If you’ve sat in a conversation with me for more than 30-minutes, at some point I’ve probably drifted into some ideas of afro-futurism; black people planning their future and preserving their history as radical acts of time-travel and time reclamation. As a practical matter. I constantly wrestle with how we ENSURE spaces for black people in the future. I believe that capturing black stories today means that you envision a social place for black people in the future. As a land-use planner, I’m also compelled with making sure that there are physical spaces for us to call home and to freely practice their heritage and cultural traditions.
A key element of Black American cultural tradition is the oral tradition, via black musical traditions. Black Music (particularly Black folk music) holds a wealth of information about black society; black geographies; and black life.
About two years ago, I started saying that I wanted to do some form of digital collection that documents and connects the social (and communal) aspect of go-go music with the spatial and political geography of the DC Metro Region. At the time, my thoughts were that the music would struggle existing in the same manner that it had before; because the social and physical infrastructure of the black urban community had been socially and physically ruptured. Government-influenced rapid neighborhood change (I really don’t want to use the term “gentrification.” Read my gentrification position paper to learn why), didn’t just change Census tract demographics; but it contributed to the erosion of black cultural heritage and the evolution of cultural traditions. Essentially, I wanted to know how gentrification; policing; political violence directed towards the urban black community in Washington, DC metro region, could be understood through identifying where; when; how; and why go-go is performed. In order to determine how go-go has been impacted by rampant political and economic change in the region, I thought it would be best to start with the music and the spaces where the music was created.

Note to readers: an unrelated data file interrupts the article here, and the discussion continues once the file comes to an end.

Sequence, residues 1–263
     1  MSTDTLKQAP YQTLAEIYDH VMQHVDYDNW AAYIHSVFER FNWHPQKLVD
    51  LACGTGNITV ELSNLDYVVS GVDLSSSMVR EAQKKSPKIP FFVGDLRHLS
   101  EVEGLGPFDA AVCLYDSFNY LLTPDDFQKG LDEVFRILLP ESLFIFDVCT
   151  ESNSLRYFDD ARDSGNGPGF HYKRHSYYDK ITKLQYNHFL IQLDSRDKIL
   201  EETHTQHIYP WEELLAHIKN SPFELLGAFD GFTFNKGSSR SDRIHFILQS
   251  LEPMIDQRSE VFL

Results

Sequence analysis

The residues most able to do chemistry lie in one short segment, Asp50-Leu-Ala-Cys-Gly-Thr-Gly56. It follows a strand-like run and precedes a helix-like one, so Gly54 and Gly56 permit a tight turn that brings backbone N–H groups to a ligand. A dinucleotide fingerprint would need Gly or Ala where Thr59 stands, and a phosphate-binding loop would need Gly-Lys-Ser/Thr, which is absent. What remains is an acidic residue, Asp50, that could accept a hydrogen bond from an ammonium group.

Think about it — the music tells you where the black neighborhoods were and calls out different neighbors (in celebration or in memoriam). The pa-tapes, or recorded albums from each of the shows, give dates and locations for when the events were held and the venues (social spaces) where the music was recorded. The go-go is the oral narrative in itself; while also being the cultural tradition.
I had all those lofty, ideas and did nothing. Then last year, my professor Dr. Lung-Amam, encouraged me to write about it for a Just City concept paper — and I flaked again. But then this year there was #dontmutedc and I kept thinking — damn, why didn’t I do something! So fast forward (or rewind) to two-weeks ago and I was in a session with Dr. Marisa Parham, who was speaking on Black Digitalites and she asked everyone what was the future we envisioned for black people or a digital project that we could imagine. And of course, I said…”Some way to collect stories of black musical traditions across the United States from the mid-1970s to the early 2000s — New Orleans Bounce; DC Go-Go; Miami Bass; Houston Chopped. These stories of these places and even the physical places are rapidly disappearing; if they are not already gone.”
At that point, I said…”forget it” and I was like I’m going to do this thing. And idk if it was because I was trying to procrastinate from doing some other work; but I actually started to do it. It being identifying the locations of go-go venues in the DC region. Thanks to help from great people; reading old newspaper articles; reading The Beat and GoGo Live (I’ve had the books for years); I’ve been able to compile a list and identify over 100 go-go venues in the DC area in four days. Kato Hammond dropped 60 like KD.
I’ll have more updates in the future; but I needed to do this twitter storm, just as a form of documentation and accountability. Peace!